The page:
Florida Gov. Jeb Bush has unveiled a Medicaid privatization program that some observers say could become a template for Republican members of Congress who want to make substantive changes to the health insurance program. Mr. Bush said his Empowered Care program will ensure that Florida’s most vulnerable families continue to receive the quality health care they need while directing their own health care. The reforms also would bring predictability to state spending on Florida’s $14 billion Medicaid program, he said.
"To fulfill our commitment to Florida’s Medicaid program, we must transform it completely so that the No. 1 priority is patient well-being and the last consideration is government control," the governor said.
"Our proposals put the focus back on the patient by encouraging strong patient-doctor relationships and allowing competition in the market to drive access and quality of care up from current levels in the Medicaid system. Florida’s Medicaid system will collapse under its own weight if we do not fundamentally transform the way it operates. The changes we’re proposing will help create more predictable and sustainable growth in Medicaid costs and ensure the program meets the needs of Floridians who rely on it for health care," he added.
State information describes the major components of the proposal this way:
• Empower Medicaid participants to make choices about their own care. Health care providers will create benefit packages in combinations of three components — basic care, catastrophic care, and flexible spending. Participants will be helped by counselors to choose the program that best meets their needs.
• Medicaid participants can build a "bridge to independence" by opting out of Medicaid plans and using their state-paid premium to purchase private market insurance.
• Participants will be able to use a new feature of the benefit structure that encourages healthy practices and responsible lifestyle choices by giving them the ability to earn enhanced benefits through flexible spending accounts. The enhanced benefits will provide extra funds to buy increased coverage or services through their care plan.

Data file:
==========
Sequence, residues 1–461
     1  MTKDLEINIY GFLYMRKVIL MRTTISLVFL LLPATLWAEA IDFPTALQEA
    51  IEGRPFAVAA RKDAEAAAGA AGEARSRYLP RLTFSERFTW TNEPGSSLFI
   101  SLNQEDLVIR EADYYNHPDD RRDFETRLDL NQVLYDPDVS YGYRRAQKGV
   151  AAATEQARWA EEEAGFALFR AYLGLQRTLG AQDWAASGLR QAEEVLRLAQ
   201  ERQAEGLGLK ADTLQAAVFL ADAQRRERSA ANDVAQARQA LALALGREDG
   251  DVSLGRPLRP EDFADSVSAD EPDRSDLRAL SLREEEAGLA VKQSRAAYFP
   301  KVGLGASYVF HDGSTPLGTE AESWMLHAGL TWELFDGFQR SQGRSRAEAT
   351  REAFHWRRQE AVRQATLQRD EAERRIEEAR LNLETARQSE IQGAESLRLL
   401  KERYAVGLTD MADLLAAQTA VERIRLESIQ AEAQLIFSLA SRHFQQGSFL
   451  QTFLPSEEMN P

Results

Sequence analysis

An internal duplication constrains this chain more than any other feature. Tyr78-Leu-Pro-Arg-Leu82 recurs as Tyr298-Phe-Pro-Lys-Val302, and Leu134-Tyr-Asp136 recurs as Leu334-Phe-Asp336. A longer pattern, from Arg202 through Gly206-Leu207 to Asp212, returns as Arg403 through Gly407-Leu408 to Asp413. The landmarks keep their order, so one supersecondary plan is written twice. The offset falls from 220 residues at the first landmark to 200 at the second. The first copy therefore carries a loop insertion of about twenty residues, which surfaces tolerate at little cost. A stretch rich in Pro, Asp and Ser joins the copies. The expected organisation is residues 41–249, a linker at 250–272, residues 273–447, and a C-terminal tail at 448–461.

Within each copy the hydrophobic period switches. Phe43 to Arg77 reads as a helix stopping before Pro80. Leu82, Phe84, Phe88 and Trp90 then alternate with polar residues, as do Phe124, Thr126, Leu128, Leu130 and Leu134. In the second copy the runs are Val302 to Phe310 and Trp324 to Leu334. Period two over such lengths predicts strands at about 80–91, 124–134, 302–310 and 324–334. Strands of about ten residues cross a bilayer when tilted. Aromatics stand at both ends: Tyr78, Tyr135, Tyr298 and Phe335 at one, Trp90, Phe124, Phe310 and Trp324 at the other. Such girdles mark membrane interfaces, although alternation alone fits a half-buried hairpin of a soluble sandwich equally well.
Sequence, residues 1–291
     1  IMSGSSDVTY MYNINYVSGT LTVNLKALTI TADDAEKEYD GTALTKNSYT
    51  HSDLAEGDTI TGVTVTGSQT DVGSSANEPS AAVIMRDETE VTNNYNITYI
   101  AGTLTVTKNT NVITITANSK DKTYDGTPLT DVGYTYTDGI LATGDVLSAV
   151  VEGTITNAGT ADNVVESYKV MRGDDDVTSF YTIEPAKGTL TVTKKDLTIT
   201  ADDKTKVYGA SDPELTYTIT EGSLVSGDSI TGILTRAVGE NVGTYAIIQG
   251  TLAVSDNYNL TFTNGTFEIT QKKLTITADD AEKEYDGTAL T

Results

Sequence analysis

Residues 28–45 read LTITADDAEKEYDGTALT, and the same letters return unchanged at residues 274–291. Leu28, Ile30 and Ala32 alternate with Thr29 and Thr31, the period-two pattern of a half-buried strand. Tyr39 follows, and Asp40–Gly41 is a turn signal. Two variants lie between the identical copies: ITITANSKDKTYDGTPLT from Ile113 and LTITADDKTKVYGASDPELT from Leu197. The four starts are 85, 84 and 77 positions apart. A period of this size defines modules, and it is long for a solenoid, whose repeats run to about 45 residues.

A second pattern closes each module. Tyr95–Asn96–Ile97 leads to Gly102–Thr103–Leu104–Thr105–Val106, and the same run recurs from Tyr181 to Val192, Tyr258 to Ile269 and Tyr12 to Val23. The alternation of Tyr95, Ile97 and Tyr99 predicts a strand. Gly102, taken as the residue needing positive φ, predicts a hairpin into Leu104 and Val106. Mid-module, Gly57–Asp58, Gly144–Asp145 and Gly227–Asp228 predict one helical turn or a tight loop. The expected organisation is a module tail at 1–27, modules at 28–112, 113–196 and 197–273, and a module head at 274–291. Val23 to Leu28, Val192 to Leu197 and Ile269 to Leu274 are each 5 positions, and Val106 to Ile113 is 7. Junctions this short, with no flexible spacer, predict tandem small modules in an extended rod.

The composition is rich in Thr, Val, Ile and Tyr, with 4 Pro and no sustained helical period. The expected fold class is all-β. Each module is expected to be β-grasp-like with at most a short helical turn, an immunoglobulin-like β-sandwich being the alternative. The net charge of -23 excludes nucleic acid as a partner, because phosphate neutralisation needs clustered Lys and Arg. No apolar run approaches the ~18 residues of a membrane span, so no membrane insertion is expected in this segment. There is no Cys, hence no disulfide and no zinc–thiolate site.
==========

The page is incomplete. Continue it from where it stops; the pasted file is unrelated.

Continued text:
• Providers will have greater flexibility in designing service plans. In addition to basic, catastrophic care, and flexible spending services, providers will be free to compete for participant membership by offering innovative care, convenient networks, and optional services. Participants will not be limited to HMOs and insurance plans. Options like provider service networks and innovative community-based systems will be available to meet the unique needs of participants.
• Basic or catastrophic plan participants will have access to all types of mandatory health services, including professional care, hospitalizations, and diagnostic services.
• Instead of the state setting the amount or scope of services, competing vendors will be allowed to offer different packages that may appeal to different customers. The state will continue to allocate the premium to each of the three categories based on historic spending patterns.
Questions, not criticism
Florida observers report the governor’s proposal was greeted more with questions than with outright criticism. Democratic lawmakers and advocates for Medicaid recipients expressed concern that benefits for the poor not become more limited than they already are.
"While market forces can be a positive force for good, we are concerned about how the proposals we have seen can, or will, harness those forces to protect the people who have previously been shut out of the health and long-term care market," said Kathy Marma of Florida’s AARP chapter. "Will service packages offered under the new system be meaningful and cover the needs of persons with chronic conditions and special needs that the private market has chosen not to cover?" she asked.
And ARC of Florida executive director John Hall told local media state paid premium rates could be too low to cover people with disabilities adequately since premiums would be based on historic funding as well as an individual’s level of health risk. "It’s unrealistic that somehow he’s going to be able to put together a package for persons with disabilities based on current funding levels that are inadequate, and it will result in better outcomes," Mr. Hall cautioned.
(For state information on the proposal, go to www.empoweredcare.com.)